Walser Regions | Vorarlberg-Tirol


There are only a few Walser settlements, be it in Vorarlberg or the other settlement areas that have documented their foundation as thorough as Brand. The letter of grant from 7 December 1347 does not only state the village lands of the settlement areas but also the agreed feudal interest. The feudal document itself is not contained but a so called Vidiumsurkunde. This document is a notarised copy which was issued by Hanns Hartmann, head and judge of the district council Sonnenberg, on 7 June 1580. Reason was a claim by the priest of Bürs, Johannes Benntz against a Walser from Brand. who was accused not to pay the agreed interest any longer. This was understandable as the grant took place over 200 years ago and unpleasant duties were buried in oblivion easily.

Noteworthy, the “Vnderthan ze Bürs”, that is the people from Bürs themselves, were landlords whereas the sovereign merely agreed to the contract and set a seal on it. This fact suggests the already great independence of the people in the county Sonnenberg.

Since the “Thal, gehaissen Vallawier” was an unsociable and rough landscape of primeval forest, the feudal interest was correspondingly low. The yearly “Martinizins” (feudal interest) of 21 quarters of lard, rather butter, equals 212,5 kg worth € 300.-. Added to this was the “Geldzins” (money interest) of 12 pounds cents of the Constance coin. This was most probably not worth more than € 70.-. (Would the people from Bürs still give away their valley for such a low interest today?)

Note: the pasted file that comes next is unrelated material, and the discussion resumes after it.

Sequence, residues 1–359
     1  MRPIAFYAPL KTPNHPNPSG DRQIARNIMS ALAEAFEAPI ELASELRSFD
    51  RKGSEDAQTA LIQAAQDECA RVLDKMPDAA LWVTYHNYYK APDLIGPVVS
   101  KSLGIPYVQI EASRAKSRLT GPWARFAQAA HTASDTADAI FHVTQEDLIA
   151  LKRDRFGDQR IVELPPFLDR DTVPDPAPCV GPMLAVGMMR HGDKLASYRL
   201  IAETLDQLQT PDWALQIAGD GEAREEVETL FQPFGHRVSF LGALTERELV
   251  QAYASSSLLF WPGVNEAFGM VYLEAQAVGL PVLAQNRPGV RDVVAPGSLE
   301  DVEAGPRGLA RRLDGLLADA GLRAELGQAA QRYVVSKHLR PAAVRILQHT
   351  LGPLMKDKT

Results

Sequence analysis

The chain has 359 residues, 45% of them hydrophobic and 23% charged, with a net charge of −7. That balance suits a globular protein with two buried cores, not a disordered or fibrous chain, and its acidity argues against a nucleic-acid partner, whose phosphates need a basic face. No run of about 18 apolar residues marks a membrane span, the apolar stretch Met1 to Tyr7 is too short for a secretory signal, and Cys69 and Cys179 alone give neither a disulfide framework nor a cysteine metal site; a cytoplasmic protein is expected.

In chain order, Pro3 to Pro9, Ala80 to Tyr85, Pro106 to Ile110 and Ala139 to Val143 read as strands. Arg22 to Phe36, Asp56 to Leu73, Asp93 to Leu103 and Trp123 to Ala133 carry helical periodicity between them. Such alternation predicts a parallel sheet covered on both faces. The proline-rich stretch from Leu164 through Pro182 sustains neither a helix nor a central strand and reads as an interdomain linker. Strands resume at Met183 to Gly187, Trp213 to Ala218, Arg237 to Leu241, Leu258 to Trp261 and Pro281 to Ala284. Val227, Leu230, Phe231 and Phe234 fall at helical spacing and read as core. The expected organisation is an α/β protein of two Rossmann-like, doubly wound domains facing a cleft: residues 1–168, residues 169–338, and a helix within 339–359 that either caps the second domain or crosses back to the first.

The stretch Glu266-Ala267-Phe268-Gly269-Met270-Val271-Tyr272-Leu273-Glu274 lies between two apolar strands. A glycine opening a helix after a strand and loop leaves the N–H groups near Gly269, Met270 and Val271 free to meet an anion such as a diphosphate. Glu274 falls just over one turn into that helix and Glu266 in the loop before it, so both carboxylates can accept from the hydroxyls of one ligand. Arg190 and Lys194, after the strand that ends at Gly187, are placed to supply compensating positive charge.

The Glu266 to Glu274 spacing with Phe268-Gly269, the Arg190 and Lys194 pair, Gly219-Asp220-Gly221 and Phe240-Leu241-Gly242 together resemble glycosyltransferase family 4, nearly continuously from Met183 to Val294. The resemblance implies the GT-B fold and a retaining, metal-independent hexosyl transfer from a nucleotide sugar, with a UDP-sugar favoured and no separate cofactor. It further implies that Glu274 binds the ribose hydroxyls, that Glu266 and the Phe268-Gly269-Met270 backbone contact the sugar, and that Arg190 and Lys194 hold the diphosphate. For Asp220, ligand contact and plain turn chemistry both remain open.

The first twelve settlers would have explored their new home at first and built some simple dwellings and stables before bringing their families and cattle in the valley. Opinions are divided over the route the settlers may have taken: neither the direct way from Prättigau over the Lünsersee or the access over Bürserberg and Hof to Brand is provable. Out of the liege men’s names stated in the document none can be found anymore in Brand today.

The Walser were typical cattle farmers and therefore needed sufficient feed supplies for the long winters. Because of this they cleared big areas of nearly impenetrable primeval forest. They created the wide mats of grassland that still characterise the valley today.

Over centuries only very little changed in the way of living of the farmers. Even though the fought a constant fight with the nature, they lead a free and healthy life in a scenic mountain valley. This changed only with the rising alpinism and the summer tourism in the second half of the past century. When Brand was also opened for winter tourism later on, tourism quickly outweighed farming in its economic importance. Today, Brand is a much visited holiday spot with the infrastructure of a modern tourism village and a solid wealth. Therefore, we have all the reason to remind us of our ancestors thankfully who have laid the foundation stone for our beautiful home village.

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